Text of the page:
Archived Story

Messy gardens are healthy

Published 4:02am Monday, November 4, 2013 Updated 6:06am Monday, November 4, 2013

This time of year new gardeners get the “Martha syndrome.” They pull out all their annuals, cut down all the perennials, and rake the whole garden.

They want their gardens to look neat in the winter.  On the other hand, experienced gardeners know a messy garden will be a healthy garden next spring.

Bunkey learned that the hard way when five of the six mums, two of three roses and about one-fourth of his other perennials froze out one “open” winter.

This is Bunkey’s new fall regime.  After the first hard frost, pull out any diseased plants and bag or burn them.

Cut iris down to about 4 to 6 inches and bag or burn the leaves.

Pick up leaves and mulch the flower garden  with about a foot of  them.

Put a fence of hardware cloth around the roses as tall as the plants are and half again as wide and fill it with dry leaves or straw.

Bare soil left for plants to re-seed needs extra mulch, as there should have been a light cover on the rest of the garden that had been removed.

The tall stalks of flowers left in the flowerbed will stop the mulch from blowing away.

It will also help hold the snow, if we get any.  Snow is not only a good insulation, it will keep tulips and daffodils from popping up too early and add moisture to the bed when it melts.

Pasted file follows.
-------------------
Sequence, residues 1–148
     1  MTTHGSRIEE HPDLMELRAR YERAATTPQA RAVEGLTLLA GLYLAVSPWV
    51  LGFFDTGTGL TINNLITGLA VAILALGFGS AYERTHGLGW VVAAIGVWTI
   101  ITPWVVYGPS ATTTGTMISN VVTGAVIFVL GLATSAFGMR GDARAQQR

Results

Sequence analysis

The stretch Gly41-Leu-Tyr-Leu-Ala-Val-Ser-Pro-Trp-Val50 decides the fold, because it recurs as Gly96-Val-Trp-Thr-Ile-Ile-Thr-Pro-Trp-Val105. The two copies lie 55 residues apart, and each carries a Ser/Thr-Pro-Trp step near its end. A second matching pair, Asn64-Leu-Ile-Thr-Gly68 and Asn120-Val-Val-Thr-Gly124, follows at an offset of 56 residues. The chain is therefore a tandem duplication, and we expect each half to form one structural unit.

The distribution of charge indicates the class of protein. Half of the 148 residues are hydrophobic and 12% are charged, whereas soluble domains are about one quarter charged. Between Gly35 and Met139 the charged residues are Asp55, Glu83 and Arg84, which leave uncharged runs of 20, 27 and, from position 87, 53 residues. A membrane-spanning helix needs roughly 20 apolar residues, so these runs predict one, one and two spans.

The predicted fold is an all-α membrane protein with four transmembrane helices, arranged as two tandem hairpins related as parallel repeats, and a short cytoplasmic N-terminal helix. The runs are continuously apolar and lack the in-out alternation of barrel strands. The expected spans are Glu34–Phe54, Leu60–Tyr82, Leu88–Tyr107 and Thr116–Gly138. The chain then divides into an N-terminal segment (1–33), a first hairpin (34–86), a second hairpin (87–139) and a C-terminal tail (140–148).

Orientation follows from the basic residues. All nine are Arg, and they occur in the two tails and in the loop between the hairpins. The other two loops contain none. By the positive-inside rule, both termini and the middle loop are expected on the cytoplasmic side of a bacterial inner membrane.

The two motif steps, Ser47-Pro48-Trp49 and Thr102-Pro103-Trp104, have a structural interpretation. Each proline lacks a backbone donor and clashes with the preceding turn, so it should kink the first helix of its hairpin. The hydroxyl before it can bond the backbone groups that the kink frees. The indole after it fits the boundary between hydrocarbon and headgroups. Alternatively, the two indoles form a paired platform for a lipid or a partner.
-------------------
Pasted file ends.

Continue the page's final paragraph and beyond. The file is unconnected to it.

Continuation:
If you have a flowerbed, next to the house or other south facing foundation that has spring bulbs planted in it, make sure that area gets an extra heavy mulch.

Those bulbs get the reflected heat from the foundation, and in case of a house, heat leaking through it.

They think it’s spring and pop up too soon, getting their noses frozen off.

The vegetable garden, is an entirely different story.  All vines must be removed including tomatoes.

They can’t be mulched by the tiller. Anyone who has attempted to unwind a vine from the tiller tines will attest to that.

You can leave any leafy plants as they till in easily. If the lettuce and radishes have gone to seed, leaving them will result in very early crops, not in nice neat rows however.

While corn stalks do hold snow and any leaves that may have blown in, they are a bear to pull up in the spring.

If you can’t pull them up now, cut them off. The roots will pop up during tilling, a reminder of where you planted corn this year if you don’t keep a garden map.

An easy way to remember never to plant the same plant in the same place every year is to move each row over one row each spring.

Leaving a garden messy will save Bunkey enough time to enjoy a football game.

It is also easier on his aging frame, not having to pull out all those volunteer asters, cleome, and zinnias. He also gets to watch the winter birds feast on all the seed-heads left standing.

Messy gardens, in the spring, have all sorts of surprise plants popping up, thus saving money for seeds and filling in bare spots with no effort on the gardener’s part.

Bunkey is all for saving effort and Petunia likes the money saving part.


Bev Johnson is a master gardener in Otter Tail County.

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